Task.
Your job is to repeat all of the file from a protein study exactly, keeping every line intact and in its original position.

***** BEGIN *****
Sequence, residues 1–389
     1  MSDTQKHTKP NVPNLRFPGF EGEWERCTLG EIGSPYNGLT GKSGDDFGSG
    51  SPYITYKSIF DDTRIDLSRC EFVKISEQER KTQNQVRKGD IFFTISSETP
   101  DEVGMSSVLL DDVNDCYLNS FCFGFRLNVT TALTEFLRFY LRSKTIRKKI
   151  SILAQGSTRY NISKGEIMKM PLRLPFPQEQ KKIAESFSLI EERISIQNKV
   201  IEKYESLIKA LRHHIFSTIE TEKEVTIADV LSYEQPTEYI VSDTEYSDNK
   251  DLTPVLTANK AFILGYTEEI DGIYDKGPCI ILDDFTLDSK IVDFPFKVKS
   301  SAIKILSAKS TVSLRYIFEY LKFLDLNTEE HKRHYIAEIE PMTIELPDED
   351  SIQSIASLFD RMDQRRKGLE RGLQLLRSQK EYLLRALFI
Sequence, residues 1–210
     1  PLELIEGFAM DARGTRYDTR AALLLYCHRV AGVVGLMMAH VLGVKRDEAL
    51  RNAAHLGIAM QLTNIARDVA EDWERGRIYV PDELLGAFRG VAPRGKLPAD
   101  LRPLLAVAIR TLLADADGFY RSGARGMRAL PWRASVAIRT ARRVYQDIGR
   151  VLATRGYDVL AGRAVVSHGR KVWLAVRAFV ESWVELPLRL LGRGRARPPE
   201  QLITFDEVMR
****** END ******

Sequence, residues 1–389
     1  MSDTQKHTKP NVPNLRFPGF EGEWERCTLG EIGSPYNGLT GKSGDDFGSG
    51  SPYITYKSIF DDTRIDLSRC EFVKISEQER KTQNQVRKGD IFFTISSETP
   101  DEVGMSSVLL DDVNDCYLNS FCFGFRLNVT TALTEFLRFY LRSKTIRKKI
   151  SILAQGSTRY NISKGEIMKM PLRLPFPQEQ KKIAESFSLI EERISIQNKV
   201  IEKYESLIKA LRHHIFSTIE TEKEVTIADV LSYEQPTEYI VSDTEYSDNK
   251  DLTPVLTANK AFILGYTEEI DGIYDKGPCI ILDDFTLDSK IVDFPFKVKS
   301  SAIKILSAKS TVSLRYIFEY LKFLDLNTEE HKRHYIAEIE PMTIELPDED
   351  SIQSIASLFD RMDQRRKGLE RGLQLLRSQK EYLLRALFI
Sequence, residues 1–210
     1  PLELIEGFAM DARGTRYDTR AALLLYCHRV AGVVGLMMAH VLGVKRDEAL
    51  RNAAHLGIAM QLTNIARDVA EDWERGRIYV PDELLGAFRG VAPRGKLPAD
   101  LRPLLAVAIR TLLADADGFY RSGARGMRAL PWRASVAIRT ARRVYQDIGR
   151  VLATRGYDVL AGRAVVSHGR KVWLAVRAFV ESWVELPLRL LGRGRARPPE
   201  QLITFDEVMR